SaaS Spend Management – Why It’s Essential in 2021

SaaS apps are more popular than ever before.

In 2020, the average enterprise used 288 SaaS applications company-wide.

With this many tools, managing SaaS can be a full-time job. You need to constantly ensure:

All the SaaS apps you’ve paying for are being used.

You’re not paying for multiple applications with the same use-case.

Shadow IT is not a common occurrence in your organization.

And to manage SaaS correctly, you need to conduct SaaS spend management on a regular basis.

Here’s everything you need to be prepared:

  • Understanding SaaS Spend Management
  • Why SaaS Spend Management Is Important in 2021
  • How To Get The Most Out of SaaS Management Software

Understanding SaaS Spend Management

SaaS spend management is the process of actively managing internal SaaS licenses.

Today, more businesses than ever are dependent on SaaS tools. Companies use between dozens and thousands of SaaS applications to manage their day-to-day work.

In an average organization, many employees across departments and functionalities have the ability to buy new SaaS tools, which leads to SaaS waste.

SaaS waste takes several forms, including unused tools, unused licenses, and apps with duplicate use-cases.

Each of these oversights can add up to increasingly costly mistakes for your business. According to our research, the average SaaS-heavy company wastes over $135,000 on duplicate or unused tools.

By vigilantly managing your SaaS inventory, you can ensure you’re getting the most out of each SaaS subscription you’ve purchased.

Why SaaS Spend Management Is Important in 2021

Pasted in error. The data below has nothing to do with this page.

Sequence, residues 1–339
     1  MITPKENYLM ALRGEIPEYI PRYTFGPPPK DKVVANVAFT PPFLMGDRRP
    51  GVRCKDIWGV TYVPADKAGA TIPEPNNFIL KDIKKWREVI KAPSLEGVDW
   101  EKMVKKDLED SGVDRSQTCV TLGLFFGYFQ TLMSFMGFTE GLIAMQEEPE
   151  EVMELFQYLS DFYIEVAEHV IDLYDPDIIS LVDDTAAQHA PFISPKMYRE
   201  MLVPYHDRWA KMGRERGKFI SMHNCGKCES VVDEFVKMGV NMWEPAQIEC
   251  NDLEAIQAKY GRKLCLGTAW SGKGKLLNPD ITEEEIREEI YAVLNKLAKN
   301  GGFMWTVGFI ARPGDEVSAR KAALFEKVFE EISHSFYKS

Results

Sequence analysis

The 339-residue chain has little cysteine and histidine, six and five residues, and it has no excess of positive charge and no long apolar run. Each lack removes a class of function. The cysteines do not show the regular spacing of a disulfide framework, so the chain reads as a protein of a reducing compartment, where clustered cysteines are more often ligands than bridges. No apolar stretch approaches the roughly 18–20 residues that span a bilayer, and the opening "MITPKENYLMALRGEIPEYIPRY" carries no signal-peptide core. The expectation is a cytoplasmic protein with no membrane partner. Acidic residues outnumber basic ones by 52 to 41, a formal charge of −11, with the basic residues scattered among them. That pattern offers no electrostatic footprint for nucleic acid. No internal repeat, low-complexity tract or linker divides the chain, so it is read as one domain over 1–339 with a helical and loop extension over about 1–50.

Having a deep understanding of how disorganized SaaS tools can lead to internal problems is critical to preventing mistakes from occuring.

#1. Rise of Shadow IT

Shadow IT is a term that refers to the action of purchasing and using IT tools and resources without getting approval from the IT department.

Since many companies don’t have formal rules around which employees are or are not allowed to buy SaaS apps, this can happen frequently.

Here’s what it might look like:

  1. Trello is used company-wide for project and task management.
  2. One department lead discovers Basecamp and thinks it’s a better fit for their team. They make the decision to buy a new subscription without checking with the IT team first.
  3. When collaborating with different departments, several additional team leads start to think that they like Basecamp better than Trello as well, and decide to migrate to Basecamp too.

When this happens, the organization ends up paying for duplicate licenses for tools with the same use-case (even though one of the tools isn’t even being utilized anymore).

#2. Duplicate SaaS Apps & Unused Licenses

Having a clear and robust vendor management system helps to avoid shadow IT, but there are still ways your SaaS spend might be inefficient.

Constant vigilence is required to prevent:

  • Duplicate apps. Two different departments buy two different apps that end up having exactly the same use-cases.
  • Forgotten cancellations. A department stops using a specific application but forgets to notify the IT department to cancel the subscription.
  • Unused licenses. Department buys a new SaaS tool, fails to gain buy-in from their team, and it ends up being abandoned (but still paid for).
  • Overpaid licenses. When an employee quits, the IT team forgets to cancel their SaaS licenses.

Managing SaaS spend is a never-ending task.